Furthermore, the hair below these rosettes grows in yet another direction: downwards!
That is while in the middle of their back, we can always see a visible part that shows the directional growth.
On a Silkie’s back, we cannot see this natural parting. Silkie guinea pigs always have hair sweeping back evenly from their head to their toe, with no breaks.
However, because the hair gets thicker as it goes back when we look at a Silkie from above, they form like a teardrop shape.
And there you have it! With these three distinct characteristics, you are sure to be more confident in telling Peruvian and Silkie guinea pigs apart.
Peruvian Guinea Pig Personality
A house pet is also a family member, a friend, a companion. That is why their personality matters no less than their appearance.
People are fascinated with Peruvian Guinea Pigs for their star appearance. You’re also likely to fall in love with these cuties because of their sunny personalities.
They are very social and affectionate toward their owners and housemates, making them the no.1 house pet if you want more laughter!
While other guinea pig breeds may come off as timid, the Peruvians are much more alert and well aware of their surroundings. Like dogs, they also respond actively to human touch.
These little fur balls are also very loving, they would enjoy every minute being with you, or with other house pets.
Originally, these pets are social animals, so some Peruvian guinea pig breeders recommend adopting them in pairs or a group to keep them active and chatty.
That is not to say there won’t be any dominance issues or fighting.
So, it is best that you occupy them with a pan large enough so that each guinea pig has their personal space if needed.
How to groom Peruvian Guinea Pig?
In their nature, guinea pigs are clean creatures.
However, the Peruvians’ extra-long hair results from an additional disrupted gene. That is why left to their own devices, these creatures cannot self-groom properly.
If you want to be a Peruvian Guinea pig owner, filling your daily grooming checklist for the pet might be more peculiar than that of other common house pets:
- Peruvian guinea pigs need to be brushed 1 -2 times a day to keep their hair tangle-free, and free from any dirt or debris from the knots.
- Their hair, once tangled, will quickly become matted.
**If you have oily hair problems, then this might hit so close to home: the feeling of matted hair is not only uncomfortable, but it is also unsightly.
When it comes to Peruvians guinea pigs, matted hair even cause real danger health risks! Read on to know the most common health problems for Peruvian Guinea Pigs.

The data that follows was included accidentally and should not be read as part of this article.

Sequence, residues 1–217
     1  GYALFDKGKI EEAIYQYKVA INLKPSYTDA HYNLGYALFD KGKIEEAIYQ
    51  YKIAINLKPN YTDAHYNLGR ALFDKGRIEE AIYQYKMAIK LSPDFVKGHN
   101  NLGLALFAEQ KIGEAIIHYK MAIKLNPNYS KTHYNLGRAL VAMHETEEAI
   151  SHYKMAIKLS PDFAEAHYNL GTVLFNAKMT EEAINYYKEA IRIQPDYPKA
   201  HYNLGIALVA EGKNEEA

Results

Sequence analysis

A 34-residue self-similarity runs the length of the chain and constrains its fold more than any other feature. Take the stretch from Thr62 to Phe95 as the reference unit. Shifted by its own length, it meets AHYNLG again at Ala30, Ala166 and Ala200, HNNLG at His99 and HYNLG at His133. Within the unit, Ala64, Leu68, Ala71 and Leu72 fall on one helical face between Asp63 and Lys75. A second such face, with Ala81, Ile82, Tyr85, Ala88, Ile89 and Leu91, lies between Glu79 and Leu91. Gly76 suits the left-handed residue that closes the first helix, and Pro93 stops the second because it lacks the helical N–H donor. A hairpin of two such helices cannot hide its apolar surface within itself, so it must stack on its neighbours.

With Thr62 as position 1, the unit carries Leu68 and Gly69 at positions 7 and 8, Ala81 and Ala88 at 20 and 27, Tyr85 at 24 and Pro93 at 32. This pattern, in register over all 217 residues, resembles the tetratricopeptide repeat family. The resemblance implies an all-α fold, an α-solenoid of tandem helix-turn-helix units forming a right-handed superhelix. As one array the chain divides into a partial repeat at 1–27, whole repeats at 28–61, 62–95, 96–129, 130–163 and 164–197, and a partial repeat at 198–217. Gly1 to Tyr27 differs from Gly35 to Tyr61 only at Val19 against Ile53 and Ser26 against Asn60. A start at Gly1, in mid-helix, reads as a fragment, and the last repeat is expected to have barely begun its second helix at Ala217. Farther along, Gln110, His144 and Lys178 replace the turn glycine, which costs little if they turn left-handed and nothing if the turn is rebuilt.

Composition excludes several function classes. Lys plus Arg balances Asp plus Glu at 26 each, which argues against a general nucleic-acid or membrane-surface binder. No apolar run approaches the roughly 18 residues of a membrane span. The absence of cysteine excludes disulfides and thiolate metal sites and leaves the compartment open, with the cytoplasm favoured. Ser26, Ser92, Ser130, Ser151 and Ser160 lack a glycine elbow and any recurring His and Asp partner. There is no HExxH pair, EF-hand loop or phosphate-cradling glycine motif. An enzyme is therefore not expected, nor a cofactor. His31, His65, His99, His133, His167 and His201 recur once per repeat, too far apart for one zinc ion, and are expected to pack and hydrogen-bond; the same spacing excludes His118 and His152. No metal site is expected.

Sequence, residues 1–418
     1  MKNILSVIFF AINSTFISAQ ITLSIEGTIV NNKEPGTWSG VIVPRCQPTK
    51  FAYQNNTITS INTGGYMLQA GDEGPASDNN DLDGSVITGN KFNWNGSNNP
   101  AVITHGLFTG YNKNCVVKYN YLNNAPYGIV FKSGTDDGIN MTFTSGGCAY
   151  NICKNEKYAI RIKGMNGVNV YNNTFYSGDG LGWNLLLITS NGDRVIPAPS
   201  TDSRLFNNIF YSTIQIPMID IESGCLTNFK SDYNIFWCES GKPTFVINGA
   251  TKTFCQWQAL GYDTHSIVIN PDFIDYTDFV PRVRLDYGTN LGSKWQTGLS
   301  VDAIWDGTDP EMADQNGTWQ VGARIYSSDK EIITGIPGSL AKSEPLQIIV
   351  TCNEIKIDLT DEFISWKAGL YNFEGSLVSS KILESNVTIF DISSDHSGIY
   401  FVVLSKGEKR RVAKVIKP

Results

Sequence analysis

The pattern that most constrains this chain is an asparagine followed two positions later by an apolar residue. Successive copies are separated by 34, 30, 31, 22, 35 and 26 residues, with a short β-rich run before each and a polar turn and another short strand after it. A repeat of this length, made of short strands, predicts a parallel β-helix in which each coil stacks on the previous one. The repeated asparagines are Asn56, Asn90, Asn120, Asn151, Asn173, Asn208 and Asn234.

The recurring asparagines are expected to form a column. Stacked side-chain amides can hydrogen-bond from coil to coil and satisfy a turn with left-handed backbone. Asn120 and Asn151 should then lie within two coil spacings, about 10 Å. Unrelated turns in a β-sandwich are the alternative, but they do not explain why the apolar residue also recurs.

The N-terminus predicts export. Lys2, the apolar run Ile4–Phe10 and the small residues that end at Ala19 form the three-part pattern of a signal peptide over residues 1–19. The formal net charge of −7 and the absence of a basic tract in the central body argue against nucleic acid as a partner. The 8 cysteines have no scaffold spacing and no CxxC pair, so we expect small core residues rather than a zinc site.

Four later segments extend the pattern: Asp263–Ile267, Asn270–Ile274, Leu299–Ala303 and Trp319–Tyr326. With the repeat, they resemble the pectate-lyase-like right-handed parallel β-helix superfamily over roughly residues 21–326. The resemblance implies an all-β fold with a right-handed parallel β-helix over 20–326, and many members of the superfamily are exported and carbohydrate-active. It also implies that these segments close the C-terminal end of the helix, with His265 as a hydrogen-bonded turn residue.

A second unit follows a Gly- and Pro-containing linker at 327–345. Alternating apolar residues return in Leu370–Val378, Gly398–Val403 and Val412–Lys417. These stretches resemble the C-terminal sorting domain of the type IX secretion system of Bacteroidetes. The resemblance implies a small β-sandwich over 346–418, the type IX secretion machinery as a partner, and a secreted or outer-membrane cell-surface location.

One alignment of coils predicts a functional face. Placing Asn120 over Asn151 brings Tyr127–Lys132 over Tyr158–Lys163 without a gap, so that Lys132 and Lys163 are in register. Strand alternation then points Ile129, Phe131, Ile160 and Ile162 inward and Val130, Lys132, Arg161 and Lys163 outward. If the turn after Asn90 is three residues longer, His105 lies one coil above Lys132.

Peruvian Guinea Pig Health Risks
The long hair of these animals is indeed eye-catching, but they could also cause many troubles for the guinea pigs.
- Matted hair makes the animal struggle to eat, or even move. The matted spots pull on their skin a lot, cause sores and other serious skin infections.
- A mother pig’s long coat might prevent the Peruvian guinea pig baby to drink their meals.
- Their matted hair has been known for putting the Peruvian pigs at risk of fly strike.
**Fly strike is the condition where a fly lays their eggs on the animal, and the hatching maggots then proceed to feed on the animal itself. In fact, there are many reports when this terrible condition happened to Peruvian pigs. The stress puts the animal at the fatal threat.
Peruvian guinea pigs were domesticated into a house pet, and they rely entirely on their owner to keep them clean and healthy.
Thus, you need to check their fur regularly, especially in the backsides to make sure they are tidy.
A Peruvian pig can also be diagnosed with Ulcerative pododermatitis, which is more commonly known as bumble-foot.
It happens when the guinea’s pen is made of mesh or wire on the flooring’s, making the feet sore or infected.
This condition is painful, but it can be easily prevented by keeping the cage clean and check the feet regularly.
Peruvian Guinea Pig Diet
As with other animals, this pet thrives best when it is provided with good Peruvian guinea pig food.
The best options include timothy hay and pellets specially formulated for guinea pigs.
You must also add fresh fruits and vegetables occasionally because the pets themselves cannot produce their own vitamin C.
Therefore, include an occasional Peruvian guinea pig dish with fresh produce will help them ward off scurvy.
Guinea pigs are a herbivore, so never try feeding them with anything meaty!
Their stomach, unlike cats and dogs, doesn’t have the enzymes needed to process human food, so feeding them what your family eats will only result in serious problems.
Not all plants are created equal. Just because our Peruvians are herbivores, doesn’t mean they can go with any plants at all.
The number one toxic ingredients that often cause guinea danger is tomato, be it the peelings, the sprouts or any part of the plants at all.
Tomato also happens to be one of the most used ingredients in pet food, that is why you always need to check the label and ingredient list to make sure it is primarily made as Peruvian guinea pig food.
It is also a no-no to let the guinea pig get in touch with any household plants, cut flowers, or unidentified weed.
Peruvian guinea pigs are curious and inquisitive in their nature. Therefore, the animal is prone to explore and play around the area that you keep him in.
We are better safe than sorry when it comes to these precious housepets!
If you are worried that your guinea pig has eaten something it should not have, immediately call the veterinarian!
Are you ready to welcome your new Rock star?
Keeping a Peruvian Guinea Pig as a house pet sure is peculiar, however, it is guaranteed to bring you unparallel fun and contentment.
Before adopting one into your house, make sure that you have the time, tools and knowledge needed to commit with this special kind of pet, take care of guinea by spending most of the time, you can even groom the nails by following our professional guide.
Do you have any experience with a Peruvian guinea pig before? Tell us in the comments below!